I understand that there is a constructive proof that arbitrary gates can be approximated by a finite universal gate set, which is the Solovay–Kitaev Theorem.
However, the approximation introduces an error, which would spread and accumulate in a long computation. This would presumably scale badly with the length of the calculation? Possibly one might apply the approximation algorithm to the complete circuit as a whole, not to a single gate. But how does this scale with the length of the computation (i.e. how does the approximation scale with the dimension of the gates)? How does the gate approximation relate to gate synthesis? Because I could imagine that this affects the final length of the computation?
Even more disturbing to me: What happens if the length of the calculation is not known at the time when the gate sequence is compiled?


1 Answer 1


Throughout this answer, the norm of a matrix $A$, $\left\lVert A\right\rVert$ will be taken to be the spectral norm of $A$ (that is, the largest singular value of $A$). The solovay-Kitaev theorem states that approximating a gate to within an error $\epsilon$ requires $$\mathcal O\left(\log^c\frac 1\epsilon\right)$$ gates, for $c<4$ in any fixed number of dimensions.

For the first part:

the approximation introduces an error, which would spread and accumulate in a long computation

Well, it can be shown by induction that errors accumulating through using one matrix to approximate another are subadditive (see e.g. Andrew Child's lecture notes). That is, for unitary matrices $U_i$ and $V_i$, $\left\lVert U_i - V_i\right\rVert < \epsilon\,\forall\, i \in \left\lbrace1, 2, \ldots, t\right \rbrace\implies \left\lVert U_t\ldots U_2U_1 - V_t\ldots V_2V_1\right\rVert \leq t\epsilon$.

What this means in terms of implementation is that, for an overall error no more than $\epsilon$ to be achieved, each gate needs to be approximated to within $\epsilon/t$, or

applying the approximation to the circuit as a whole

is the same as applying the approximation to each individual gate, each with an individual error no more than that of the entire circuit divided by the number of gates that you're approximating.

In terms of gate synthesis, The algorithm is performed by taking products of the gate set $\Gamma$ to form a new gate set $\Gamma_0$ which forms an $\epsilon^2$ net for $\operatorname{SU}\left(d\right)$ (for any $A \in \operatorname{SU}\left(d\right),\, \exists U\in\Gamma_0\, s.t. \left\lVert A-U\right\rVert\leq\epsilon^2$). Starting from identity, a new unitary is recursively found from the new gate set in order to get a tighter net round the target unitary. Oddly enough, the time for a classical algorithm to perform this operation is also $\mathcal O\left(\mathit{poly} \log 1/\epsilon\right)$, which is sub-polynomial time. However, as per Harrow, Recht, Chuang, in $d$-dimensions, as a ball of radius $\epsilon$ around $\operatorname{SU}\left(d\right)$ has a volume $\propto \epsilon^{d^2-1}$, this scales exponentially in $d^2$ for a non-fixed number of dimensions.

This does have an affect on the final computation time. However, as the scaling in both number of gates and classical computational complexity is sub-polynomial, this doesn't change the complexity class of any algorithm, at least for the commonly considered classes.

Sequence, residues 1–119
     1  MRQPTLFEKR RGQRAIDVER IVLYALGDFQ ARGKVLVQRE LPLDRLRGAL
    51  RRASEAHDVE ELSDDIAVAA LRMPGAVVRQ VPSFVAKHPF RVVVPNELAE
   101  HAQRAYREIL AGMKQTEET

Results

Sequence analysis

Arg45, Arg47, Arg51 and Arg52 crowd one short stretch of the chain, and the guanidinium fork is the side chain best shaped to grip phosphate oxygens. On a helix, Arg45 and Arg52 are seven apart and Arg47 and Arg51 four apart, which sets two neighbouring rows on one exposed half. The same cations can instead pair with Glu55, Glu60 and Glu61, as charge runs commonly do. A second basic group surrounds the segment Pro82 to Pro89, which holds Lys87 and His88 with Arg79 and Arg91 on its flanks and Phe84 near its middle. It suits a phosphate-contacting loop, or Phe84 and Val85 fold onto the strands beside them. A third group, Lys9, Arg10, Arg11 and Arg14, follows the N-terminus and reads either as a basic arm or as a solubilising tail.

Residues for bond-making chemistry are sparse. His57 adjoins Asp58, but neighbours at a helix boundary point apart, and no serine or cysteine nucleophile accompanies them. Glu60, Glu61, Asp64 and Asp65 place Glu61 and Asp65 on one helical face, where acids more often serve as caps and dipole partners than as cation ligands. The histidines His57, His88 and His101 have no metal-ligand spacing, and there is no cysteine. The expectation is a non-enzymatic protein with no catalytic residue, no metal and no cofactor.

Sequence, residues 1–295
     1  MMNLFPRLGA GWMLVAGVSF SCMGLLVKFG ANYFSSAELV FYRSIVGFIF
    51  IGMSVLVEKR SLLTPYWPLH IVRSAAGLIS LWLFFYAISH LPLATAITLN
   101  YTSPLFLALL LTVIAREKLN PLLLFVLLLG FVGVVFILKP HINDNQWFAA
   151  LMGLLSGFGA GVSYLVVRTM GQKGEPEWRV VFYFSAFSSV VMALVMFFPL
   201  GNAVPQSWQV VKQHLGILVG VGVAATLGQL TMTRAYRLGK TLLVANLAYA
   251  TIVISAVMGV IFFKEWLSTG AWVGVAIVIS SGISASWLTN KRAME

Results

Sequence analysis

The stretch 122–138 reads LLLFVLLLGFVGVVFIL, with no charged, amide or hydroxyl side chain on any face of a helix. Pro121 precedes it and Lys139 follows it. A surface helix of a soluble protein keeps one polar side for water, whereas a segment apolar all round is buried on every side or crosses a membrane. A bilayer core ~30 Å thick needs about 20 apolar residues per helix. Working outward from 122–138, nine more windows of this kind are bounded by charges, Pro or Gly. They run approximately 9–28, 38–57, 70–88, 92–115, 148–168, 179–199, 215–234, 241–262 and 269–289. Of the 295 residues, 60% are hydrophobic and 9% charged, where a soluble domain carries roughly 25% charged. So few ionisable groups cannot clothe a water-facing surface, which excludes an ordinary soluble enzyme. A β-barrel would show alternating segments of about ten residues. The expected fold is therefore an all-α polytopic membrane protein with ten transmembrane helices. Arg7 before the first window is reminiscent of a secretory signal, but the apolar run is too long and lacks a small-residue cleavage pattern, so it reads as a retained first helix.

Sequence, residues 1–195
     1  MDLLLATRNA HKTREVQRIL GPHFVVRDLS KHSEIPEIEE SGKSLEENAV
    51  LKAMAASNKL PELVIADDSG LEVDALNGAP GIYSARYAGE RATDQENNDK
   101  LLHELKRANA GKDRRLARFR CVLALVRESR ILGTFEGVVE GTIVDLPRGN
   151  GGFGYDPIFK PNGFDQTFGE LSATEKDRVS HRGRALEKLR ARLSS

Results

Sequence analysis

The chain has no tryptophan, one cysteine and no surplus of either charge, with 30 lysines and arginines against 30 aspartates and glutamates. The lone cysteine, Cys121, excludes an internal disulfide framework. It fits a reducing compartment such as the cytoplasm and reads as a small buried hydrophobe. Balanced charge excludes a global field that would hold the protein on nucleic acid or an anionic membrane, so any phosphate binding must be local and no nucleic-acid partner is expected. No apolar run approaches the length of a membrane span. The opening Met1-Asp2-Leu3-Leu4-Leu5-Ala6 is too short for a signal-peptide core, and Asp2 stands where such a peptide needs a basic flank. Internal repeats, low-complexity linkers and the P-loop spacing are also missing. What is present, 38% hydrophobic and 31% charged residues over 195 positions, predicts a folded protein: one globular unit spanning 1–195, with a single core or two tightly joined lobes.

For $t$ gates, the overall (time and gate) complexity is then $$\mathcal O\left(t\, \mathit{poly} \log \frac t\epsilon\right)$$.

When using the unitary circuit model without intermediary measurements, the number of gates to be implemented will always be known prior to the computation. However, it is feasible to assume this isn't the case when intermediary measurements are used, so when then number of gates that you want to approximate is unknown, this is saying that $t$ is unknown. and if you don't know what $t$ is, you obviously can't approximate each gate to an error $\epsilon/t$. If you know a bound on the number of gates (say, $t_{\text{max}}$), then you could approximate each gate to within $\epsilon/t_{\text{max}}$ to get an overall error $\leq\epsilon$ and complexity $$\mathcal O\left(t\, \mathit{poly} \log \frac {t_{\text{max}}}{\epsilon}\right),$$ although if no upper bound on the number of gates is known, then each gate would be approximated to some (smaller) $\epsilon'$, giving an overall error $\leq t'\epsilon$ for the resulting number of implemented gates (which is unknown at the start) $t'$, with an overall complexity of $$\mathcal O\left(t'\, \mathit{poly} \log \frac {1}{\epsilon'}\right).$$

Of course, the total error of this is still unbounded, so one simple1 way of keeping the error bounded would be to reduce the error each time by a factor of, say, $2$, so that the $n^{th}$ gate would be implemented with error $\epsilon/2^n$. The complexity would then be $$\mathcal O\left(\mathit{poly} \log \frac {2^n}{\epsilon'}\right) = \mathcal O\left(\mathit{poly}\, n\log \frac {1}{\epsilon'}\right),$$ giving an overall (now polynomial) complexity $$\mathcal O\left(\mathit{poly}\, t \log \frac {1}{\epsilon}\right),$$ although this does have the advantage of guaranteeing a bounded error.

This isn't too bad, so I would hope that (when the number of gates is unknown) classical computers would be able to keep coming up with the correct gates at least as fast as a quantum processor would need them. If not currently, then hopefully once quantum processors become good enough that this actually becomes a problem!

1 Although, likely not the most efficient


Your Answer

By clicking “Post Your Answer”, you agree to our terms of service and acknowledge you have read our privacy policy.

Not the answer you're looking for? Browse other questions tagged or ask your own question.